Nyx Cormorant had been out all night. Her hair was matted, her tunic filthy and her lip split, but as she gambolled down the broad, gaslit avenues of Marblesea, the triumph in her gait was unmistakable. She flicked her arcboard open and shut as she jubilantly ­ if tunelessly – whistled The Battle Hymn of the Sankaritar. The fierce summer sun had just cast its first rays of electric tangerine out over the ocean, so no one was about to hear the verboten tune – not that it would have stopped her.

Nyx had just won her third race of the night. It was a personal best. Bulls from all across the Empire were in town for the festival and it seemed every last one of them was preening manfully at the thought of levying a successful bid for one of the famed Brides of Atlantis. It had been easy to bait races all night.

First, there had been the hapless cadet on a glorified velocipede that was no match for her arcboard. She bested him easily, not far from Sennespay Hospital. Then there had been the bemedalled but slightly soused Valtamerian who had kept his lead all along Broadwalk and ultimately conceded defeat amidst the warren of stalls that made up the Harbour Gate fish market. Last, and most satisfying, was her brother-in-law, Ather Cho. Captain Ather Cho, whose rank meant he possessed a phaeton that was afternoonified indeed.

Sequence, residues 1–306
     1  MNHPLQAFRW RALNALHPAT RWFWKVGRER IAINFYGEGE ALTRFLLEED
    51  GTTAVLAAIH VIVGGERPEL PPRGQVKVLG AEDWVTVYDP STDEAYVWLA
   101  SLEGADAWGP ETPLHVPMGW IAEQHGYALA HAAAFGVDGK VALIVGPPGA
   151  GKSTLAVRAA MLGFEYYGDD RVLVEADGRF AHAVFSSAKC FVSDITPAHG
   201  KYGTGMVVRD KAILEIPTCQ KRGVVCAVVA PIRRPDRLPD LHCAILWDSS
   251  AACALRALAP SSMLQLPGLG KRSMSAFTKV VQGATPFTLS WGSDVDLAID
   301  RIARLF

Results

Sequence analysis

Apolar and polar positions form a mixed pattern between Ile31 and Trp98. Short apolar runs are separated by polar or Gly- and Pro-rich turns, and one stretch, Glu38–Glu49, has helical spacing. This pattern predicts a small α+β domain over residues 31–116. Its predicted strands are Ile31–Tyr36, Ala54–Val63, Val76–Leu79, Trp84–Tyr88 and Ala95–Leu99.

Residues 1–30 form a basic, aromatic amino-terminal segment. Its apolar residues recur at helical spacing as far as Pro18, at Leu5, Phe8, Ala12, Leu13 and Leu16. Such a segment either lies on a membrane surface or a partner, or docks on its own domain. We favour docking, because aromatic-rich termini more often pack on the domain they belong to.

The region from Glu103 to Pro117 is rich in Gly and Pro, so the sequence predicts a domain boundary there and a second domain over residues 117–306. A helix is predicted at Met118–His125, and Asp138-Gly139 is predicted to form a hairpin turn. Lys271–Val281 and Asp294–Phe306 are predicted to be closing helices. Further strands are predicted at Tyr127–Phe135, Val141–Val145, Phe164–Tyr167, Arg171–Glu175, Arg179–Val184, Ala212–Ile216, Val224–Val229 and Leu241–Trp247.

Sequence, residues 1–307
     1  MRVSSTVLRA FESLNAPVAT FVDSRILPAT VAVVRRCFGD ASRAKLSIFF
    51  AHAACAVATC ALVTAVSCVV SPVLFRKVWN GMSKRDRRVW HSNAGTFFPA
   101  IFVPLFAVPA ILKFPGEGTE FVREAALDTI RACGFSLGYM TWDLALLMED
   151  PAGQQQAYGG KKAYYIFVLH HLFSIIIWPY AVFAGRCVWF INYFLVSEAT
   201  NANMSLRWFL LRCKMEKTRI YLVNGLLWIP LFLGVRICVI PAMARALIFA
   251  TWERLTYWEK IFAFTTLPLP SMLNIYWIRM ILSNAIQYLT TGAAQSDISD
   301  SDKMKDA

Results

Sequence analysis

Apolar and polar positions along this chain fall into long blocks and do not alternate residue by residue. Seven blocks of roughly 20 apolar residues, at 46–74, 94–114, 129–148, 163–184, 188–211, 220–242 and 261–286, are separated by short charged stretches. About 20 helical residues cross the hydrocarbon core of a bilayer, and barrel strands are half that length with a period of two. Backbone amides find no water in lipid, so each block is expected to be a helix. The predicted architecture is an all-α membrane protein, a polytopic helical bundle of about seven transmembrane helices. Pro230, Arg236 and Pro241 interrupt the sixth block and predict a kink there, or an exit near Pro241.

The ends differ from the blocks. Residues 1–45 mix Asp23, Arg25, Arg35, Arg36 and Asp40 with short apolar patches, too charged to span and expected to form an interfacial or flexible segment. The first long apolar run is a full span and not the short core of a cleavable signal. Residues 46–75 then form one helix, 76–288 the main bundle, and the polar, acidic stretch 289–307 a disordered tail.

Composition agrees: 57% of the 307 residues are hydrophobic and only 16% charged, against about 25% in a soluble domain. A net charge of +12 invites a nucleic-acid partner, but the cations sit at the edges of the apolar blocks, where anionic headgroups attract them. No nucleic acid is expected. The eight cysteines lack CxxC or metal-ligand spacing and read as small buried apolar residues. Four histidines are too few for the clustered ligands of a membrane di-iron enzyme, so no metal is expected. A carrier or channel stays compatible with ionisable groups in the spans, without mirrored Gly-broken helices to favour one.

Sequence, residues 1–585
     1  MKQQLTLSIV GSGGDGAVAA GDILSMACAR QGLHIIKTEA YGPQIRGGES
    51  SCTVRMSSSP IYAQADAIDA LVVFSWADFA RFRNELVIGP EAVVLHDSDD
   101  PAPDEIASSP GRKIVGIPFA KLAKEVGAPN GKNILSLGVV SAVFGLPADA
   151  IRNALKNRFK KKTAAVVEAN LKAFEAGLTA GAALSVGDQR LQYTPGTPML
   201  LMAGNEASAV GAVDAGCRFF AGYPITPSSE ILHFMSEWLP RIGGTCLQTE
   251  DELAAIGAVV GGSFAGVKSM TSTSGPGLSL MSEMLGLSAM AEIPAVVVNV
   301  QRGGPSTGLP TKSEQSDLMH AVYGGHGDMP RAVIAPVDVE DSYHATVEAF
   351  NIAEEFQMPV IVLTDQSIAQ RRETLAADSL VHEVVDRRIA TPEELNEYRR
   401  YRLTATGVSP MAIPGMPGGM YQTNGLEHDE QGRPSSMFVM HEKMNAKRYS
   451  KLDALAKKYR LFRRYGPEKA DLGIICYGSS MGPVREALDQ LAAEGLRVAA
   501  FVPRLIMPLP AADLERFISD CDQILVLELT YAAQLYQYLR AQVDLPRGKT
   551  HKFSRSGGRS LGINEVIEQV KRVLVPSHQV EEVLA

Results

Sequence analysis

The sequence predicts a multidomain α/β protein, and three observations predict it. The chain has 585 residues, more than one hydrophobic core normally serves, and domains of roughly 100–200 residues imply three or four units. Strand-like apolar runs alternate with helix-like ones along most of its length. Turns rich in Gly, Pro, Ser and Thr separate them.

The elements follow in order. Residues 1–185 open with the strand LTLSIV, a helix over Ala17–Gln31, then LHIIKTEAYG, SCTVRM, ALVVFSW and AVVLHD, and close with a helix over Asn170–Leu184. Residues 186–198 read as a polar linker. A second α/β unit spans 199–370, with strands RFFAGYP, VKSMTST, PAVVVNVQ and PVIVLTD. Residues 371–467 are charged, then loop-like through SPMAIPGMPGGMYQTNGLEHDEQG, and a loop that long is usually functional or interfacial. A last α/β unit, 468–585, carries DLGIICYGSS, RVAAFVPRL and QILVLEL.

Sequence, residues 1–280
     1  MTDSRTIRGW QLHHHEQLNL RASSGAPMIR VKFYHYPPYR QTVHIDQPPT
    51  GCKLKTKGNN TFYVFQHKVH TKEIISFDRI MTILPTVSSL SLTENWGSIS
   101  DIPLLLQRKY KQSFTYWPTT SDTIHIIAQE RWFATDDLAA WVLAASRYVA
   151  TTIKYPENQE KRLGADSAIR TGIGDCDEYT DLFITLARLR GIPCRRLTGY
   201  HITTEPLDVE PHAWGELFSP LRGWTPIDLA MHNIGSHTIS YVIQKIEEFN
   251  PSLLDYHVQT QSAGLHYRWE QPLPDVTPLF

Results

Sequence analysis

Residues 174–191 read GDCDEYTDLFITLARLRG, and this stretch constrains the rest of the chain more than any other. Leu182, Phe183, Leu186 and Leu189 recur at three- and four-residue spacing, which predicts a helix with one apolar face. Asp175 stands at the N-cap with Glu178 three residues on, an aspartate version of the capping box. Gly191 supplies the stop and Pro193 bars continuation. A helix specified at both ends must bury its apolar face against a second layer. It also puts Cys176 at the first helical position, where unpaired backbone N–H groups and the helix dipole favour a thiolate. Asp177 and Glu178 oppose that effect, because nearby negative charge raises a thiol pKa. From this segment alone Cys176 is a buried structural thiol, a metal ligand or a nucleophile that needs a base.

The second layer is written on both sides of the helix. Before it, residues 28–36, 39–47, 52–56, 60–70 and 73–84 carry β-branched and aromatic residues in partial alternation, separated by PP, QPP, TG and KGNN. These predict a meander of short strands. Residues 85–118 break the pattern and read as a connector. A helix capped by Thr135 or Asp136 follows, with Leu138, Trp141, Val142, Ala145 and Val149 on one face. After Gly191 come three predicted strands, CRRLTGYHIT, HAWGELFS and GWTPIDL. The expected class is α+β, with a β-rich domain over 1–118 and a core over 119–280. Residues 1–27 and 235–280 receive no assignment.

As her father’s personal secretary, Ather had done everything in his power to inflict small miseries upon Nyx since she had been allotted to Admiral and Seri Cormorant. He didn’t like Eidiki, she supposed.

Ather had barred her from her father’s offices. He “lost” progress reports from Academician Byrne. He shredded letters from the Atlantean Physickers Board, causing Nyx to miss the examinations compulsory for all Eidiki, which had nearly got her placed in confinement. Things only got worse after he married Nyx’s sister. Elodie had borne the first twins reported in the Empire for nearly a century, and both she and her husband radiated malice and smug fecundity. Oh, but how Nyx had got her own back!

A macaque hooted down at her from the mangosteen tree. Nyx hooted back, clicking the heels of her copper-toed boots together as she did a little jig.

She couldn’t stop picturing the shock on Ather’s face as she whizzed by, foul with canal water and fizzing with merriment. Ather was a cheat but Nyx had known cheats with faster phaetons, and her arcboard was equipped with retractable spider-silk wings.